It’s business; not personal – but at least it’s cleaned up

I wonder if disappointment is indirectly proportional to expectation or if, as is more likely, I’ve simply become less easy to please with time and experience. When we first made the drive down to the Keys my expectations weren’t high. Plans to be in Manila the previous week had foundered for a variety of reasons and, back in those heady days of believing in indispensability and a life spent commuting, our busy schedules said ‘away from the office’ and that’s where we had to be. So Florida it was and I’d travelled under mild protest, having been seduced with stories of diving pelicans and warm breezes after Mission Control had attended a conference on Duck Key earlier in the year. Against all my inclinations I’d rented a convertible, dug out my old Nautica baseball cap and headed west.

My previous experience of the States had been limited to [and by, if I’m honest] a few scattered business trips and longer periods in San Francisco and Minneapolis. I wasn’t enamoured with things American and, at that time, the British Foreign Office was advising tourists to Florida to exercise ‘caution’ following the recent killing of a German tourist in a State described alarmingly as a ‘Deathtrap under the palms’. There had been a free-for-all in the British press over the statistics for crimes against tourists in Florida with 35000 being cited as the annual figure. That the trend was diminishing year-on-year and around 80% of the reported figure represented non-violent crime such as surreptitiously adding a gratuity to a restaurant bill was, unsurprisingly, not mentioned for fear of spoiling a good story with the facts. Nonetheless, there was a feeling amongst British tourists that to make a visit to Florida was to take your life into your hands.

A few days in South Beach and immersion in the wonders of art deco quickly dispelled any worries about roaming gangs of armed youths and the possibility of being carjacked. In the furore over tourists being the principal target of criminals Florida had passed legislation that prevented car rental companies from applying banners, signage or advertising to rented vehicles so that the convertible, at least, didn’t stand out; I couldn’t make the same claim of the image I cut, staring at a map, camera around my neck and blindingly white knees.

I have only fleeting memories of that first drive down; all the bridges; the colour of the sea and pelicans racing the car; prisoner chain gangs working on the highway; buildings in need of paint and, so unlike Miami, old cars that were dusty and unpolished. A lot of guys had long hair. It was sunset as we collected the key at a little fishing camp cum motel called Parmer’s Place, which was quaint and a little scruffy, but right on the waterfront thirty minutes from Key West. It comprised a group of less-than-salubrious cabins scattered amongst unkempt vegetation. There was a small pool and boat docks and it had been used primarily by guys who wanted to fish, drink a few beers and fish some more so even if it wasn’t luxurious it was fairly clean and comfortable and it did just fine. For reasons now lost in the mists of time we were allocated temporarily for the first night with an assurance we’d be moved to the room we had booked next day so it was a matter of checking-in, getting a quick shower and then out for refreshments. The room we were allocated was nothing less then startling; perhaps the smallest I’ve ever rented with no wardrobe, no storage and a bed, when it folded down from the wall, that took up half the floor space. Apparently such a contraption is called a ‘Murphy bed’ and we’ve had a few giggles about it since when reminiscing over that first night. I’d not encountered one before but had watched Charlie Chaplin’s battle and seen numerous people crushed or swallowed by them in American movies. I don’t recall how we slept but guess we managed to get through the night unscathed.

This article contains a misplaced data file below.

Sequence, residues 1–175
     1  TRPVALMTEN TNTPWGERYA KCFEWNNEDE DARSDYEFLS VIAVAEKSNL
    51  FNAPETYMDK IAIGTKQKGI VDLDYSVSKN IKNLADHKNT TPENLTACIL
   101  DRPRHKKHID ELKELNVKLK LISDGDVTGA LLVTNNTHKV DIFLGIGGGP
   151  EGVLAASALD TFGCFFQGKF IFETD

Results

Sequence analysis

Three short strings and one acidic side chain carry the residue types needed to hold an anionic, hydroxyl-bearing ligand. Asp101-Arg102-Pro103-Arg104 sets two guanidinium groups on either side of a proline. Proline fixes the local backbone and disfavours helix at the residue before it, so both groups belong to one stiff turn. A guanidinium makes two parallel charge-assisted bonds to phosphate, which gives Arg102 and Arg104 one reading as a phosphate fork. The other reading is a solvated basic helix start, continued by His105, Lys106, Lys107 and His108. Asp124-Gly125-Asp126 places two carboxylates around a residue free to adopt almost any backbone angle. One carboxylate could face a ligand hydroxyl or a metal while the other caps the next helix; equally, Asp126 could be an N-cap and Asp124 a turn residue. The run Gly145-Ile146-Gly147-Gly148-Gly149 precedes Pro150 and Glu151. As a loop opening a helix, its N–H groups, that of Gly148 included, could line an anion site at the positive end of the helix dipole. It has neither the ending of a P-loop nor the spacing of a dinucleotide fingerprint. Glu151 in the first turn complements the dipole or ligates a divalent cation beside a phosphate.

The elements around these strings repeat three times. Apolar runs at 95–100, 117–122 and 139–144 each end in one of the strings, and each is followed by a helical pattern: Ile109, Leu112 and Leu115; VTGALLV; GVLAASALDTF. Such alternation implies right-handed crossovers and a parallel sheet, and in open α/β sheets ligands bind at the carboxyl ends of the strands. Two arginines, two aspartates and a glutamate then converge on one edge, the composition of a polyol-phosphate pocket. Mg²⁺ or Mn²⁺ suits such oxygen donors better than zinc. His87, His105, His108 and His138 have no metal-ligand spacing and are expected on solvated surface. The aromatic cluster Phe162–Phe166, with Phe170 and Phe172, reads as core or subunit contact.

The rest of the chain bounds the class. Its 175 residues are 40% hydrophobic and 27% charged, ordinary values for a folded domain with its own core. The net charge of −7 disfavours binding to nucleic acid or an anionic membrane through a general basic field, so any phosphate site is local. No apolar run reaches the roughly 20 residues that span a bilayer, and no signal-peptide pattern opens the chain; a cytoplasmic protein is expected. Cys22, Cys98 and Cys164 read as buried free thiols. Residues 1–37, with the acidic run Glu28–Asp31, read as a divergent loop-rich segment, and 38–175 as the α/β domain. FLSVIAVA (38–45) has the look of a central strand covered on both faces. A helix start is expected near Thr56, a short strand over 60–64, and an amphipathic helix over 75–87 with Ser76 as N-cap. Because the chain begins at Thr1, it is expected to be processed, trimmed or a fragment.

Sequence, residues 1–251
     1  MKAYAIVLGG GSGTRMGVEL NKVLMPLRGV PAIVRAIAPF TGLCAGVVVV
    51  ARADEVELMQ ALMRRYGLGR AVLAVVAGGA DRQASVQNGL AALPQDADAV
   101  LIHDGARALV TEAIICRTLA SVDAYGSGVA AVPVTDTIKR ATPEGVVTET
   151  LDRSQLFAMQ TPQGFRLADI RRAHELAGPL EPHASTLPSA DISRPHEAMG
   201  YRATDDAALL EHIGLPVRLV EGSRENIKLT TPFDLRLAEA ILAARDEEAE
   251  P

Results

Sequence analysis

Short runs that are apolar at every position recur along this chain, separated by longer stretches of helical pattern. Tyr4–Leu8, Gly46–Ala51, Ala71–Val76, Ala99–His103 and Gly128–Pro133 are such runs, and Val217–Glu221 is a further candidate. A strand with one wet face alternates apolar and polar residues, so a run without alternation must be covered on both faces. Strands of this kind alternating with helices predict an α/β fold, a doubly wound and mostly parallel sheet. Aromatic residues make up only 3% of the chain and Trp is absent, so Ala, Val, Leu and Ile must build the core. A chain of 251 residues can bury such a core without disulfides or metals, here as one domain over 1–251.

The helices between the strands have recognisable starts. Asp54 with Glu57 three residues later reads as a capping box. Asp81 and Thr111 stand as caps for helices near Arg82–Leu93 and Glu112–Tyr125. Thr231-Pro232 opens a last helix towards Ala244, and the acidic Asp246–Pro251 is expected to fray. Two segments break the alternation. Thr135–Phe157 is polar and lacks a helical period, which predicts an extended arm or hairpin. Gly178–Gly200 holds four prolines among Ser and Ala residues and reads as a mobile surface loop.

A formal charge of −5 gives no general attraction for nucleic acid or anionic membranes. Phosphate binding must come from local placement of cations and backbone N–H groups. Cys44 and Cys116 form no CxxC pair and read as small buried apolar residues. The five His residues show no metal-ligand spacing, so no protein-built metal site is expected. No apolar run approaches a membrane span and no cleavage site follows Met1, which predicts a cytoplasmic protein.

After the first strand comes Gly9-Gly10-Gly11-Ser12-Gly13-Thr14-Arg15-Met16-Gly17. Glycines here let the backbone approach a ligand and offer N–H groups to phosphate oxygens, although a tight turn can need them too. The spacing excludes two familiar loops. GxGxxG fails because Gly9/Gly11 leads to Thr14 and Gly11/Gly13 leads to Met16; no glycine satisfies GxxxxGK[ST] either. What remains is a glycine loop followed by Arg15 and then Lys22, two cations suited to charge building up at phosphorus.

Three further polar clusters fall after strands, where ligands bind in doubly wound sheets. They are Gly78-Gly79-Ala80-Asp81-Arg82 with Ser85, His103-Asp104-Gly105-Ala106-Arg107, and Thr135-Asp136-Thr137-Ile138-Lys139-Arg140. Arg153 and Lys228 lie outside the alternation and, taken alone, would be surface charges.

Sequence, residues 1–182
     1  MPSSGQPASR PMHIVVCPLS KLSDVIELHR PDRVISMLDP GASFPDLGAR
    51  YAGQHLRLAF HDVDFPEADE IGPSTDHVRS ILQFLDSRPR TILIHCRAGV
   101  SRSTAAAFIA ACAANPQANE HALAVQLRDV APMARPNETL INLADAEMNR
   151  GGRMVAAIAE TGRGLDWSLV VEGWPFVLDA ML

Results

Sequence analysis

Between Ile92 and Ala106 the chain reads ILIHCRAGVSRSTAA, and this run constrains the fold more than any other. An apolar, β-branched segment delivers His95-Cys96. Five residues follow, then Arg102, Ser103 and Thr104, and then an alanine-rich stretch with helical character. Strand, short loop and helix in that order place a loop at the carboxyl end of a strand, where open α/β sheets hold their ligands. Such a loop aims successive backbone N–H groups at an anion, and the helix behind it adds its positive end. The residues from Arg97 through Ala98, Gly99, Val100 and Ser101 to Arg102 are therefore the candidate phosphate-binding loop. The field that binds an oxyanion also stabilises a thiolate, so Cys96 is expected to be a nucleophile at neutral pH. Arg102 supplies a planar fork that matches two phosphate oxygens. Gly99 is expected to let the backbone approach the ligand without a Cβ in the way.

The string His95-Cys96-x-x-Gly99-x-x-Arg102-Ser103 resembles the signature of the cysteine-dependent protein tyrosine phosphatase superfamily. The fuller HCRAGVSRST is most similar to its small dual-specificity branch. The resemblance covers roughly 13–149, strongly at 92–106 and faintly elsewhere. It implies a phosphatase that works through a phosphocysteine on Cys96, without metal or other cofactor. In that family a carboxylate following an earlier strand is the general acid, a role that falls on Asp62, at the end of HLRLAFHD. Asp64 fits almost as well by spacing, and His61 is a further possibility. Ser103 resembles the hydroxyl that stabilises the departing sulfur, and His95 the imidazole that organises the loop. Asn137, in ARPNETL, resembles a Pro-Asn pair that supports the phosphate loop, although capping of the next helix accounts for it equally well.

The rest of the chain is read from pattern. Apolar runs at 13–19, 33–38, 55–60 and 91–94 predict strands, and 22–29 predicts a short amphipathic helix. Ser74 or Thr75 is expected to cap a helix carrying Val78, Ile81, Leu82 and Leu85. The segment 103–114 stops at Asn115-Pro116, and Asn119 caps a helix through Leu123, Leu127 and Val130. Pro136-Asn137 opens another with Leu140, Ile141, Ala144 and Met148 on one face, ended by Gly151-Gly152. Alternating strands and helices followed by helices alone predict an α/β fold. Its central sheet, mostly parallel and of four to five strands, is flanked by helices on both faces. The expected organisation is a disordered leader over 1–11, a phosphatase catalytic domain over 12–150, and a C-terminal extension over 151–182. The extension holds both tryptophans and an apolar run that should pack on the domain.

At the turn off US1 we’d seen the lights of a place on the water that was within walking distance of our fold-down bed, just along Berry Avenue. It was called The Sandbar. We set off for it down the unlit road with stars across a cloudless sky and racoons rustling around the trash cans. The timber-clad accommodation was at first floor, in a style typical of the Keys. A wide staircase at the front opened into a huge space filled with blues music – all timber columns, beams and boarding. Around the walls large, top-hinged windows opened out onto the water and let in the tropical air. But it’s most endearing feature – parked in the centre and arranged so that you couldn’t avoid a friendly ‘Hi’ to the other occupants – was a long, oval bar. We were almost immediately in conversation with people who lived locally and fished for a living and that never changed. The atmosphere was natural, welcoming and just cool. When I ordered a big, cold beer from one of the two girls tending the bar I was taken literally and presented with a chilled 25oz can, which is about the equivalent of a bottle of wine. Oh, and something that appeared to go unnoticed by the ponytails in the bar but which will stay with me forever; the girls were serving in tiny shorts and roller skates. My hesitation about spending time in Florida had evaporated and a long affection for the Florida Keys began.